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Marc Faber: Mirror, Mirror on the Wall

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May 31, 2010 – Comments (5)

This is a presentation by Marc Faber to the Ludwig Von Mises Institute on May 22nd. It lasts an hour and is a very good presentation. He puts US montary policy into its proper perspective. Listen to it and come up with your own conclusions.

Also, about 16 minutes into the presentation, he mentions an article written by James Galbraith regarding defecits. I posted an excerpt of that article here on May 13 - The danger posed by the deficit ‘is zero’ (LOL!) - http://caps.fool.com/Blogs/ViewPost.aspx?bpid=391430

I originally found the video on Nathan's Economic Edge, see this post: http://economicedge.blogspot.com/2010/05/marc-faber-mirror-mirror-on-wall-when.html

5 Comments – Post Your Own

#1) On May 31, 2010 at 11:13 PM, ralphmachio (26.74) wrote:

Compelling for the medium term, but I think deflation will come first. He didn't spend much time discussing the problem of people not paying their debts, and the rest of the real estate bubble that has yet to collapse. I want to put stop order in for a PHYS position in case I'm wrong though. If gold does take off, it will fly. The US dollar is a poor bet, but nothing travels in a straight line. I think it has some room to go, and short term, I'm in cash until the market shows some direction. 

I completely agree with his statement about leaving cities. Maybe paranoid, but maybe essential for survival. 

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#2) On June 01, 2010 at 12:29 AM, lquadland10 (< 20) wrote:

About half way through he talks about the imbalance in the trade defasacit with China and they don't know what went wrong. What went wrong is they did not factor in the ending of Tariffs. Now in 2005 Bush signed in Cafta.How much money did the Government loose in Tariffs with China and Canada and Latin America. Now to make up that money they will raise the taxes. Also China is going to allow Naked Shorts. Talk about volatility. The stock exchanges will make a ton of money with each trade. 

http://articles.sfgate.com/2005-08-03/business/17387750_1_cafta-free-trade-agreements-free-trade-area

http://www.caftaintelligencecenter.com/subpages/What_is_CAFTA.asp

CAFTA immediately eliminates all tariffs on 80 percent of U.S. manufactured goods, with the remainder phased out over a few years. Importantly, the agreement is not limited to manufactured goods, but covers virtually every type of trade and commercial exchange between these countries and the United States.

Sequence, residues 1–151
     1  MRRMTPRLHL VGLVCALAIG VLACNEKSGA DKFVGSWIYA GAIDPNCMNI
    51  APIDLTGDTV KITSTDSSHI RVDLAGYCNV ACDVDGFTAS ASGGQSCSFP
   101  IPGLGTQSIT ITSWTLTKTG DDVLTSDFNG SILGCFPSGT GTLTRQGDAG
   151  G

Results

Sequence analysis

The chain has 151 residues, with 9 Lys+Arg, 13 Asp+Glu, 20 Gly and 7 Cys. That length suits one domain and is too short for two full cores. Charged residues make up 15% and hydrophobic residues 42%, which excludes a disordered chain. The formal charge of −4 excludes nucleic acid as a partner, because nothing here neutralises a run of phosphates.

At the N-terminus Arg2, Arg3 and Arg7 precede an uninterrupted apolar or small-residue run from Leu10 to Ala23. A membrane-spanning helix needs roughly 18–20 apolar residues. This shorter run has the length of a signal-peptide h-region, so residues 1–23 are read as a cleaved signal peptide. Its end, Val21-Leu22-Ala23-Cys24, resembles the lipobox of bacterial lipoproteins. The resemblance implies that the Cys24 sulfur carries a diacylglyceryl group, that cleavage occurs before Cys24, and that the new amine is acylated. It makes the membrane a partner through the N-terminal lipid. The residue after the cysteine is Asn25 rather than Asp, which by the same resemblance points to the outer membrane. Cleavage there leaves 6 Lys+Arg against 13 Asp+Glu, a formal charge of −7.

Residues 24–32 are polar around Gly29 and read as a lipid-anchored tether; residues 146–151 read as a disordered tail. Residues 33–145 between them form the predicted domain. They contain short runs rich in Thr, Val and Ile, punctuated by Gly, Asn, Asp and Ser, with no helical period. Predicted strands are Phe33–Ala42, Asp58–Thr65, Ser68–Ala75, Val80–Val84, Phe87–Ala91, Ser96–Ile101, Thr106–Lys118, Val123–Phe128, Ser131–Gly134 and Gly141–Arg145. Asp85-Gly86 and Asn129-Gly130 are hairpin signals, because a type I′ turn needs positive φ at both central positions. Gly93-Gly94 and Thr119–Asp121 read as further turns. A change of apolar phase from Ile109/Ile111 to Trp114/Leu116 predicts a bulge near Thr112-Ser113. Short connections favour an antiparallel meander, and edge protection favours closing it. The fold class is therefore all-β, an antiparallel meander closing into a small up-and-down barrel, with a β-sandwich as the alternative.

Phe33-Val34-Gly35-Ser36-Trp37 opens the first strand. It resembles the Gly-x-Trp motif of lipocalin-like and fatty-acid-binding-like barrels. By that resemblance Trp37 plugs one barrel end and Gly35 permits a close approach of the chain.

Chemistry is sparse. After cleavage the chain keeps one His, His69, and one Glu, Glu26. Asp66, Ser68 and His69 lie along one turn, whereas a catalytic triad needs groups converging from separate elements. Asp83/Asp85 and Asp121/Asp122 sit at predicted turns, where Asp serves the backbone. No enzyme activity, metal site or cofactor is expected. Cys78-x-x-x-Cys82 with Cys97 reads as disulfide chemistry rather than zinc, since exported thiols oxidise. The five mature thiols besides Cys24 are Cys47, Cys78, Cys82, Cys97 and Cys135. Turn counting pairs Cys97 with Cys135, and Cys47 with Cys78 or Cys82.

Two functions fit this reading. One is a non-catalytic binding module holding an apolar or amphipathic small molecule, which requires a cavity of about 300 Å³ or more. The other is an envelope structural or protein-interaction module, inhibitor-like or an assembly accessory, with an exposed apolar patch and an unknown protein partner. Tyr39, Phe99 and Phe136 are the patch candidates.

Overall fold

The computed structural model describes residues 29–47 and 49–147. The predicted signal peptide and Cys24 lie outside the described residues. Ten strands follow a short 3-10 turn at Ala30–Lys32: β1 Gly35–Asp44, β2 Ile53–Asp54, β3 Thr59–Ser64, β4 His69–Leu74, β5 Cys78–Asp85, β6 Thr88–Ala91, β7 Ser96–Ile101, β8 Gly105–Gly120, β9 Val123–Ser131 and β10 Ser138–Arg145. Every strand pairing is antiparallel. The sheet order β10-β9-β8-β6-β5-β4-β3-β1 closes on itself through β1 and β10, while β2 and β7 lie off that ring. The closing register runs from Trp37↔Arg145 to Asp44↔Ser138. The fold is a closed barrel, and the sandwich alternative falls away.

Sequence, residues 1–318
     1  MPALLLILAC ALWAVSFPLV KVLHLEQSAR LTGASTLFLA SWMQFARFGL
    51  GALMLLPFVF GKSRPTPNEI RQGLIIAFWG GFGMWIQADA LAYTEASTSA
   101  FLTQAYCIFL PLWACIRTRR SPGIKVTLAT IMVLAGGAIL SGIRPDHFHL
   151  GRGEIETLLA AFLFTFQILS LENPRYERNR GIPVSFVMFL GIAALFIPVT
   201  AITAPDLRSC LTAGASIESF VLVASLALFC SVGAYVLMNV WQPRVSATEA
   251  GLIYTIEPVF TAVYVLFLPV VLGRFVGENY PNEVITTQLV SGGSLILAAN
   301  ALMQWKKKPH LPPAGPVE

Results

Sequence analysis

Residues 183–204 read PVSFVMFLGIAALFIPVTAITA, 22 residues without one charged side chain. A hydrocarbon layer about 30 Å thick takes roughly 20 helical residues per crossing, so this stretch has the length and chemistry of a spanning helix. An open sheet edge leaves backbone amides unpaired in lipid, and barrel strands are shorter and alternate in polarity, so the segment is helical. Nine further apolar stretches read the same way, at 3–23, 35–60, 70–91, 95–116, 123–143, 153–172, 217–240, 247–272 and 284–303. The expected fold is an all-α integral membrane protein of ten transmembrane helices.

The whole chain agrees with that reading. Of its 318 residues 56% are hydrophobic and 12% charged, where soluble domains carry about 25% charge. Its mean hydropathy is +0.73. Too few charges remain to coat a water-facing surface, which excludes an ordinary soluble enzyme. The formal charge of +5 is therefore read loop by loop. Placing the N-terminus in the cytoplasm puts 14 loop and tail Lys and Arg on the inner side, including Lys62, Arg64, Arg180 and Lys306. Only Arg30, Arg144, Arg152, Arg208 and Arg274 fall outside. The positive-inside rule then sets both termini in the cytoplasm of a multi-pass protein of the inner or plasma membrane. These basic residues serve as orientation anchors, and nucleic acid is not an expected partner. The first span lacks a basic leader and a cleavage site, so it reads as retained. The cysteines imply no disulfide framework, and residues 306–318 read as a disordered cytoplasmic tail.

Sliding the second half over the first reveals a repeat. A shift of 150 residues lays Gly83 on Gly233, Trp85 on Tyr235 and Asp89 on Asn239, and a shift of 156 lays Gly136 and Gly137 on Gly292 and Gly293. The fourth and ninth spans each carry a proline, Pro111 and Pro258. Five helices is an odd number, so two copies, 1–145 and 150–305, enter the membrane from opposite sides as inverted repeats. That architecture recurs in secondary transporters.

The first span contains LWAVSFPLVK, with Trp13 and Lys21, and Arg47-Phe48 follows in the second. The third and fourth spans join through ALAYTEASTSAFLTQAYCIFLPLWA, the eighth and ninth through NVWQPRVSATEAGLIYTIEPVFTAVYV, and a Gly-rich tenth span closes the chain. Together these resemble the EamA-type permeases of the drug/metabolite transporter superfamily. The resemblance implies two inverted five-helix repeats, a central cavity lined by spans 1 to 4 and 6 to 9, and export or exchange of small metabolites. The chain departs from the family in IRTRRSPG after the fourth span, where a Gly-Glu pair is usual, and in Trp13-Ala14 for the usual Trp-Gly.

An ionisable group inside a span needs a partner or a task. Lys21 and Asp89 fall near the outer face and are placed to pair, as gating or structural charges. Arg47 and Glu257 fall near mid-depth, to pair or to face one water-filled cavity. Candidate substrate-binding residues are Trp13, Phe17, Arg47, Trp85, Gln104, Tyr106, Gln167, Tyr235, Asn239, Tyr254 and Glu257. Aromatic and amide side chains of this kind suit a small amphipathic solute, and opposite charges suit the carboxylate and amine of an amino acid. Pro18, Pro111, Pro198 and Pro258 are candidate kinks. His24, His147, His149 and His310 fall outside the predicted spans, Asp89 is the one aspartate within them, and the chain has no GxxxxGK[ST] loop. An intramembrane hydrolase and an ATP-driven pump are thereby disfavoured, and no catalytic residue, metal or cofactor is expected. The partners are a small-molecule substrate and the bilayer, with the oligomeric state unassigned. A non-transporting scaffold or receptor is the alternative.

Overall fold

Within five years, 85 percent of U.S. exported goods will become duty-free, while the remaining tariffs will be phased out over 10 years.  2005 it was signed. 2010 no more income for Canada and Mexico and the USA because 85% exported goods are duty free. So I see it as more money being taken away from Governments. What do you think? 

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#3) On June 01, 2010 at 9:06 AM, binve (< 20) wrote:

ralphmachio ,

Thanks for the comment man. There is a lot about Marc Faber's position that I agree with, and a lot that I don't. I am more long term optimistic than he is (read the stuff in blue in the middle of this post): http://marketthoughtsandanalysis.blogspot.com/2010/01/dow-gold-ratio.html. And I also don't agree with a hyperinflationary assessment for the Dollar. I think debt will collaps as the Fed generates extreme monetary inflation. I think the result will be stagflation, not hyperinflation, like I lay out here:   More on Debt Saturation Equals Diminishing Growth, Employment, and Capacity Utilization… - http://caps.fool.com/Blogs/ViewPost.aspx?bpid=394221 .

I think in either of the two cases, gold will be an excellent investementment in both real and nominal terms. Gold will still outperform equties if we get honest deflation, but there are other hardcore deflationists such as David Rosenberg who are bullish on gold. The only way gold makes a bad investement at this point is if we have a nonest sustainable recovery. And the odds of that are pretty small IMO. So I stick with gold :)

Thanks for the comment!

lquadland10 ,

Those are great observations!

>>Within five years, 85 percent of U.S. exported goods will become duty-free, while the remaining tariffs will be phased out over 10 years.  2005 it was signed. 2010 no more income for Canada and Mexico and the USA because 85% exported goods are duty free. So I see it as more money being taken away from Governments. What do you think?

That is a very compelling argument. I mean, if at the same time the US was encouraging capital investment in production instead of just trying to spur consumption, this might play out a lot differently. But they didn't, so it won't. I think you are right on.

Thanks!..

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#4) On June 01, 2010 at 6:26 PM, CharlieBeLong (29.85) wrote:

Thanks.

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#5) On June 01, 2010 at 6:54 PM, binve (< 20) wrote:

CharlieBeLong , No problem!..

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